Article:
First was just waking up and getting going. I had asked my husband to set his alarm for 3:30 am, yes an ungodly hour at best, but it went off at 3:34 am and I immediately felt behind the ball. I struggled to get in the shower and blow out my hair while juggling a cup of coffee in my free hand. Getting to the airport should be an easy task, but that wasn’t meant to be. My husband offered to drive me and then go into work early and I’m so glad he did. Normally, the ride from my home to the airport is a quick 10-15 minutes at most. But on this morning a section of the Mass Turnpike was closed right before the tunnel to the airport. We followed the detour signs that took us around downtown Boston before we bailed and made our own way to the airport. With a six o’clock flight right around the corner, I was still in the car at 5:15 am and yes, by this point I was flipping out.
We arrived curbside at the USAirways doors and I practically ran inside. The employee who screens you before you go through TSA decided I had too many bags. I had my carry on suitcase, a shoulder bag with my cameras, my purse, and my computer sleeve that I had pulled out to make it easier to go through the screening process. In reality I had two bags (the suitcase and carry on bag), but wanting to cut the time down in line I thought I was being helpful. Instead, he insisted that I consolidate everything and in that moment I became the ugly, angry person in line that I usually make fun of for acting so irrationally. I needed four TSA bins to get through security before hustling through the line to get to my gate, which was already boarding when I arrived.
On my plane I was the window seat in my row and I learned something about early flights. They are usually chock full of business men who don’t like to talk, which is fine with me as I don’t either. They are, however, quite flatulent and unapologetic about it. I was dying on that plane and I couldn’t have landed quicker if I was flying the plane myself.
In Charlotte I needed to get from Gate B to Gate E and that required navigating the moving walkway and people who refuse to stand to the right when not walking. I stopped to get breakfast at Starbuck’s, but they choose for some reason not to add the water to the cup of oatmeal. So I was handed a bag with an empty cup for the oatmeal, an instant oatmeal pack and all the fixings, a plastic spoon, and a separate cup with hot water. The counter wasn’t big enough for more than two people to fix their coffees so I had to either wait or make room where the barista hands off the coffees. I chose the latter to the obvious dismay of other patrons. Why oh why couldn’t you just put the oatmeal in the cup and add the water?
My flight to Lynchburg had me walking onto the tarmac and checking my suitcase plane-side. The flight was less than full so I was able to sit in a row by myself. Now this flight wasn’t bad at all and I began to think my luck had changed. That is until I got up to get off the plane and the heel on one of my brand new shoes broke. Could it get any worse?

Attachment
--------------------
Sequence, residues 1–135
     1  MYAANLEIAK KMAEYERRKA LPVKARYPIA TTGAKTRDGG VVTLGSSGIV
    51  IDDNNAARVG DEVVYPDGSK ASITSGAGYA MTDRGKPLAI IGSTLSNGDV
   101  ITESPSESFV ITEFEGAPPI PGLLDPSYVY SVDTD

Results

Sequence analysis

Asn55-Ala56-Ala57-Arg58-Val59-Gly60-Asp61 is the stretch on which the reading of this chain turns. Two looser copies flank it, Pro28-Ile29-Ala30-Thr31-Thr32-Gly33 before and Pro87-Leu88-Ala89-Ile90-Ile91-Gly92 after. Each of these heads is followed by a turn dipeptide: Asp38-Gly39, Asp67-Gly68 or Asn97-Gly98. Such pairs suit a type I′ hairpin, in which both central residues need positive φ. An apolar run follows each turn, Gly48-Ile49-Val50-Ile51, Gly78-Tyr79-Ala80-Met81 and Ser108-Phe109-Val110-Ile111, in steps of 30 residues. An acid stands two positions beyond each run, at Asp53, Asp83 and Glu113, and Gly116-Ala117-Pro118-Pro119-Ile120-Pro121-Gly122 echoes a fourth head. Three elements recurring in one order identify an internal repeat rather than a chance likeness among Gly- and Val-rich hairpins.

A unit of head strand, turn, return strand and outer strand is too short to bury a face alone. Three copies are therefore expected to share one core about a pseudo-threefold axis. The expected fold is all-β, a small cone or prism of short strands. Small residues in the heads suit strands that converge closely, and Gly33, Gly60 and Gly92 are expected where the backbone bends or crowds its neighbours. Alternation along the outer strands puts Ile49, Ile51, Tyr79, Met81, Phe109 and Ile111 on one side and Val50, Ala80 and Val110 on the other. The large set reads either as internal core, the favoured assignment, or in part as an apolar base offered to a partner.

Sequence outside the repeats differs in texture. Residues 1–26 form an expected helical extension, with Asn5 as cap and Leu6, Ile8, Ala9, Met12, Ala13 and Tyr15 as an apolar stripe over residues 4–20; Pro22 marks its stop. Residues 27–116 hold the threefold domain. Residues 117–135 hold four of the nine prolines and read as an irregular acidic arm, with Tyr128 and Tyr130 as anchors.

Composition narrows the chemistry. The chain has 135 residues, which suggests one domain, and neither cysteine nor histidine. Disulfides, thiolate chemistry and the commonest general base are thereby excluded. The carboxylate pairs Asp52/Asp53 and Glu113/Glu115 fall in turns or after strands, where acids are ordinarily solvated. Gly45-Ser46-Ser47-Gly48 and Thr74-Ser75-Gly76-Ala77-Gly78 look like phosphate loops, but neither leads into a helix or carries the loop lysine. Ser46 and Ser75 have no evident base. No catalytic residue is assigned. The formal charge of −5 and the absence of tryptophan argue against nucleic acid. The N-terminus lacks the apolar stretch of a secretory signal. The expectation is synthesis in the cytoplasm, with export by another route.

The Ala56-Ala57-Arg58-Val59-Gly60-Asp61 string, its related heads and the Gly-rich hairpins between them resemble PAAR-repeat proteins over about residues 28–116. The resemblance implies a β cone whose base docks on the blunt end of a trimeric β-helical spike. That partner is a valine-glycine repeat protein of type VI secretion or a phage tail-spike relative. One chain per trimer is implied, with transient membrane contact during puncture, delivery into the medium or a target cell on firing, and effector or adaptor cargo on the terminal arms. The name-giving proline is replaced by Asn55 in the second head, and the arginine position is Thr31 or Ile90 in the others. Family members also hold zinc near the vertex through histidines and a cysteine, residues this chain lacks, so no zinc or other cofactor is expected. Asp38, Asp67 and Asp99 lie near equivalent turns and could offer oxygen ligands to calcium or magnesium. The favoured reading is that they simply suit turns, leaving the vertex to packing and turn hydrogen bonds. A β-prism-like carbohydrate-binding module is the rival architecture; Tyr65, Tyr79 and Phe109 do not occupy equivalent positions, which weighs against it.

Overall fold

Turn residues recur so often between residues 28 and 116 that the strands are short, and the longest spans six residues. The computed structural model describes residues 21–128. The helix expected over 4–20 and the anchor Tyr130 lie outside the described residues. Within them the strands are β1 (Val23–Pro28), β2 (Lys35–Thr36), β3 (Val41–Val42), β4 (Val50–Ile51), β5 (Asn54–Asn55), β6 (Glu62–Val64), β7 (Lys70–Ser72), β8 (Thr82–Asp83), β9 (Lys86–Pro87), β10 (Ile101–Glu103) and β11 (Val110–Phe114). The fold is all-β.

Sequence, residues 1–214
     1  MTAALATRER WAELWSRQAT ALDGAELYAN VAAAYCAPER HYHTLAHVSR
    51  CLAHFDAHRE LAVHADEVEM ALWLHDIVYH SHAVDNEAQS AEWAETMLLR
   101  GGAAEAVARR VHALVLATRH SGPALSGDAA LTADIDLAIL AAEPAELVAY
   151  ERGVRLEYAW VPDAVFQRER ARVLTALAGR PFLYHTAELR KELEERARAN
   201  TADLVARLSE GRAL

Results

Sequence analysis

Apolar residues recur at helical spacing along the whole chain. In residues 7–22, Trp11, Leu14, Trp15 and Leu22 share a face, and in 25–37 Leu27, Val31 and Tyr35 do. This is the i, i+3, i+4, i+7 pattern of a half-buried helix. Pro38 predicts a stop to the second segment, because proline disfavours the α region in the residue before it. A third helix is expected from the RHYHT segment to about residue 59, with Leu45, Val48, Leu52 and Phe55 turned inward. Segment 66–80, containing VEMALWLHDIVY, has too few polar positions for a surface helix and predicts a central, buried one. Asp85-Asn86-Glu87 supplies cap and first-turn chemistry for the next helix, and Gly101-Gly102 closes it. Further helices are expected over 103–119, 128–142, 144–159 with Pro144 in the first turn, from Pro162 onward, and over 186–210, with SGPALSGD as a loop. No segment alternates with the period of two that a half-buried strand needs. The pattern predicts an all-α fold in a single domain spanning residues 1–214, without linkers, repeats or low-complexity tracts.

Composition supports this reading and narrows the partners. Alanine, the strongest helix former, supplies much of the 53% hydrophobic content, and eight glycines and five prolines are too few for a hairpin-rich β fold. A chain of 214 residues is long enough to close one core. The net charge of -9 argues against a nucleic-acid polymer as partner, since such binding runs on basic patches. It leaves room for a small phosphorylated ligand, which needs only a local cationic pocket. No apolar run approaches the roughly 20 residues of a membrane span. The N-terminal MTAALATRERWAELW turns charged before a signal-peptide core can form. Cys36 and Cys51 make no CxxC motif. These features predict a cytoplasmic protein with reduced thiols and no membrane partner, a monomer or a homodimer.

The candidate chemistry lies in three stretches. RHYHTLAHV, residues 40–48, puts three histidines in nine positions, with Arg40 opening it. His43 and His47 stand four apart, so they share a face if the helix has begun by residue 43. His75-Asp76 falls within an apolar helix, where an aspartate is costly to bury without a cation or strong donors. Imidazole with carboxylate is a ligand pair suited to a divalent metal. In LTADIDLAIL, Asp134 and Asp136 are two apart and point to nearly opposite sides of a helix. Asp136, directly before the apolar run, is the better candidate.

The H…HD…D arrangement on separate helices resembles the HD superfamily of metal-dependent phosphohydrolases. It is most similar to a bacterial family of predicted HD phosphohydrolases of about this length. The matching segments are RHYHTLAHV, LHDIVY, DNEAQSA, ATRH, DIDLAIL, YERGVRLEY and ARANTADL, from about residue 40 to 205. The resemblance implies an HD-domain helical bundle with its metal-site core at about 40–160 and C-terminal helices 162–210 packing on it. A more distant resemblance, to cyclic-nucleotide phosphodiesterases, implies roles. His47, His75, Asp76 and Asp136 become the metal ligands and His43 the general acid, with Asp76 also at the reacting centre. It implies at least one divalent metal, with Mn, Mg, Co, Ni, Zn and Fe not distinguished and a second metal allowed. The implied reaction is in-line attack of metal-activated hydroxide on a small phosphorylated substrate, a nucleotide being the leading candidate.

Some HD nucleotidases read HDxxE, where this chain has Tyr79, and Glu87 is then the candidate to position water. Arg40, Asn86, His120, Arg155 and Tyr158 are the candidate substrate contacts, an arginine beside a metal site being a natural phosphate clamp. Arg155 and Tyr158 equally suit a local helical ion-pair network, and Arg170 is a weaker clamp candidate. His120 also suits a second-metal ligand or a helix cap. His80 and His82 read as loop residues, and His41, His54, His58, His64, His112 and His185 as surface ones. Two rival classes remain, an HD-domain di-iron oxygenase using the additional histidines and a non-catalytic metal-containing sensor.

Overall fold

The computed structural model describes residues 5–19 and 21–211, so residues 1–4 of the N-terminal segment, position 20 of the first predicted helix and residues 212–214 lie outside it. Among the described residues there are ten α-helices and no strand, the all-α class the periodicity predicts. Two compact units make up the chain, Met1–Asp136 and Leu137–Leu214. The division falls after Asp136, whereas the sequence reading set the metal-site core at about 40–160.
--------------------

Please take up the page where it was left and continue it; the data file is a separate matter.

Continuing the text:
Instead of getting into a frame of mind of thinking that this always happens to me, this is so bad, could it get any worse, etc., I chose instead to force myself into some kind of positive thinking. Otherwise, I might end up feeling as life was happening to me and that I was an innocent victim in life’s senseless vendetta against me. Since I knew this was not the case, it meant pulling myself up by my bootstraps and well, just getting over it. When I got off the plane, I was greeted by Courtney from the Discover Lynchburg team and I could have been a grumpy, pitiful fool or my goofy, talkative self. I chose the latter and I think that was definitely the smartest decision I could have made.
How can you recover from a bad travel day?
- Try to relax, no matter where you are. Take a moment to breathe in slowly through your nose and out through your mouth. Getting yourself all worked up and stressed out isn’t good for you or those around you.
- At your final destination consider a spa treatment, be it a massage, facial, manicure, etc.
- Avoid the carbs and carb loading! In times of stress we tend to overeat and nothing can make you feel better in the moment than something really bad for you. Ponder your choices carefully and try to imagine what you will feel like after you eat that pizza, donut, chocolate, etc.
- Move, move, move! Sometimes walking around, going for a run, or exercise of any kind can instantly change your stress level. At the airport? Stroll around the terminal instead of staring at the gate agent. I promise you will feel better and less stressed!
- Be appreciative that you are, in fact, traveling. There are plenty of people who never get the chance to travel so a bad travel day is better than no travel day at all.
- Remember that somebody somewhere is having a worse day than you. After you remember that, smile to yourself and make an effort to change what’s left of the rest of your day.
- Make an effort to make someone else’s day better. If you’re at the airport, on a plane, at a hotel, or somewhere else far from home, try to connect with someone. Perhaps it’s that person behind the register ringing you up that no one else seems to notice. Make note of their name from their name tag and when they hand you your receipt and/or change, be sure to say, “Thank you Susie,” or whatever his or her name is and look at them directly in their face. Most people never notice or acknowledge service people at all. I’m sure you will definitely bring a smile to their face, which will make you smile as well.
- Everything is temporary. If you are in a bad mood, if you miss your flight, or if your travel plans simply go south, it will all be different soon enough. You are definitely not in a permanent state of misery so give it time and you will definitely feel differently about the situation.
What do you do to recover from a bad travel day?